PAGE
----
Gonzalez created the artwork for Silva’s signs and emailed a low-resolution digital copy to Espinoza for approval. The artwork included his union bug, member number, and company name.
After receiving the proposal, Espinoza reduced the order to only 100 yard signs for a total cost of $647.06. Gonzalez sent Invoice #1142 made out to Simon Silva for City Attorney 2022, the name of Silva’s campaign committee.
On April 18, 2022, Union Printing was paid for the invoice by JE Strategies, Inc., the parent company of Margin Victories, a local political consulting firm owned by Espinoza, not by the campaign committee.
Espinoza also worked on several other local campaigns last year, including Ammar Campa-Najjar’s unsuccessful race for Chula Vista Mayor, Chula Vista Councilmembers Jose Preciado and Carolina Chavez, and National City Councilman Jose Rodriguez’s failed run for Mayor.
Two weeks later, Silva contacted Gonzalez and asked him to deliver the signs to his home in the Eastlake area of Chula Vista.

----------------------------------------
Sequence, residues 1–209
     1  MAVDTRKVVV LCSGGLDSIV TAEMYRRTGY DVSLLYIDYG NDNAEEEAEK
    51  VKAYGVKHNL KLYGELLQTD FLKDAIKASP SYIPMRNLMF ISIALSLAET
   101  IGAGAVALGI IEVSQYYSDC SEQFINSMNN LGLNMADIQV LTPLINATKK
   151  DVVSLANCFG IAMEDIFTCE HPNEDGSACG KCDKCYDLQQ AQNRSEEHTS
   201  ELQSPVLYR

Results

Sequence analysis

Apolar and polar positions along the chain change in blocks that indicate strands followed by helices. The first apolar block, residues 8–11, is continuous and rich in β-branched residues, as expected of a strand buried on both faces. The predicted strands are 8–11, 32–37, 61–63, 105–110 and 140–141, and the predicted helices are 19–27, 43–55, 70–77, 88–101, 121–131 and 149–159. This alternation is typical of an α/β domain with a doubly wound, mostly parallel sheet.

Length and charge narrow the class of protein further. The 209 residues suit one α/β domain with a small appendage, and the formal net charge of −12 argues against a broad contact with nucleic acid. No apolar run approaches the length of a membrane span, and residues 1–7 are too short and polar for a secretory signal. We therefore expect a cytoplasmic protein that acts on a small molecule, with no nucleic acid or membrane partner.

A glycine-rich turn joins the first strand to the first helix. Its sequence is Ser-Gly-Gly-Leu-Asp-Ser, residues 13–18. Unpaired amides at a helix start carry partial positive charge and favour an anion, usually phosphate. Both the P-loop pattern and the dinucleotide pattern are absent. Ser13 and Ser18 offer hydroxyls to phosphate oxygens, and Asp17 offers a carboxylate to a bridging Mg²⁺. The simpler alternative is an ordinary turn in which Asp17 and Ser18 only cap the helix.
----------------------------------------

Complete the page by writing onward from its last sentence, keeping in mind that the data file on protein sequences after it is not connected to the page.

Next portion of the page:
Gonzalez told La Prensa San Diego in an exclusive interview that when he arrived at Silva’s home there was a sign in his yard that was identical to the ones Gonzalez had just printed, including having his union bug, member number, and company name printed on the signs.
The lower quality of the printed graphics on the other sign led Gonzalez to conclude that they were printed from the low resolution digital artwork proof he had sent to Espinoza for approval.
The reuse of Gonzalez’s union bug, number, and company name also proved to Gonzalez that the printing was done by a non-unionized printer because a union shop would have been barred from reprinting another member’s bug and instead would have printed their own union bug and member number as required by the union's contract.
Gonzalez states that he confronted Silva about the misuse of his design and union bug, and claims Silva dismissed his concerns saying they had to use another printer to complete more signs than Gonzalez could print, confirming that his campaign knowingly used another vendor.